Students from across the globe converged on the University of Hawaii at Hilo last week to test their abilities to build and pilot remotely operated vehicles (ROVs) at the ninth annual Marine Advanced Technology Education (MATE) Center's 2010 International ROV Competition. A team from Russia's Institute of Marine Technology Problems in Vladivostok took first place in the advanced "Explorer" division, while North Carolina's First Flight High School in Kill Devil Hills topped the intermediate "Ranger" division.

The ROV competition required middle school, high school and college students to design, build and operate ROVs on a simulated mission. This year's assignment, which took place in a U.H. swimming pool, was to take sensor readings, plot data and collect samples of geologic features and organisms in an area designed to resemble the Loihi undersea volcano.

ROV technology has been at the center of attempts by BP to shut down its Macondo oil well, which has been leaking 9.5 million liters into the Gulf of Mexico daily for more than two months. The oil and gas industry will only come to rely on ROVs more as companies drill in deep water where it's impossible for human divers to venture.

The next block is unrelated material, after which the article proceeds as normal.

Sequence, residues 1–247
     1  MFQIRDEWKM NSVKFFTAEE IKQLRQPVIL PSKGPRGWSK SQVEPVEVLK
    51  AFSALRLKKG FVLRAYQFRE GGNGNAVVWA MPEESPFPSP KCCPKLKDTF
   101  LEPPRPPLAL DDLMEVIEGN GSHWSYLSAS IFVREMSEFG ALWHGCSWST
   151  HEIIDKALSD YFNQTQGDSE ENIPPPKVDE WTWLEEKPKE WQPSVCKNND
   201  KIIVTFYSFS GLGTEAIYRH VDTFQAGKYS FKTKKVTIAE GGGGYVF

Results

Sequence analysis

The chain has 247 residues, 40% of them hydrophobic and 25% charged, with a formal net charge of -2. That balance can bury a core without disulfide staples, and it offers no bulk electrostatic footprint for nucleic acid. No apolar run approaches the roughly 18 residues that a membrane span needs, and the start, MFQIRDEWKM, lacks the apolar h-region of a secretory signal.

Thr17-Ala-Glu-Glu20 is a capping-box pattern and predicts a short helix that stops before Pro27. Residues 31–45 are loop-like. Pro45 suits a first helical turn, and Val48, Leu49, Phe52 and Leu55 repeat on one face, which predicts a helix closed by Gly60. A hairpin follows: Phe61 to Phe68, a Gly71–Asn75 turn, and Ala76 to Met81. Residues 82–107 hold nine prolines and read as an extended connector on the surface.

Teams from Long Beach City College (pictured above) in California and the Marine Institute and Faculty of Engineering of Memorial University in Newfoundland, Canada, took second and third place, respectively, behind the Russian team in the Explorer category. Newfoundland's Clarenville High School and California's Aptos High School placed behind First Flight High School in the Ranger division.

Of course, dozens of competitors hit the pool last week:

A Ranger–level team from Philadelphia's Overbrook High School heads from the pool deck after completing its mission run.

Explorer–level competitors from the University of North Carolina at Charlotte (green shirts, facing camera) manage their vehicle's tether as the pilots (green shirts, backs to camera, partially obscured by sun barrier), navigate their vehicle through the mission tasks (watching video feed from monitor).

Honolulu's Kapiolani Community College Explorer team retrieves its ROV from the pool.

Pilots from Moanalua High School in Honolulu Ranger team celebrate the successful completion of a pool mission task.

ROV pilots from Arizona State University's Explorer team (seated) watch video feed from their vehicle's video camera as they maneuver their ROV.

All images courtesy of Steve Van Meter / VideoRay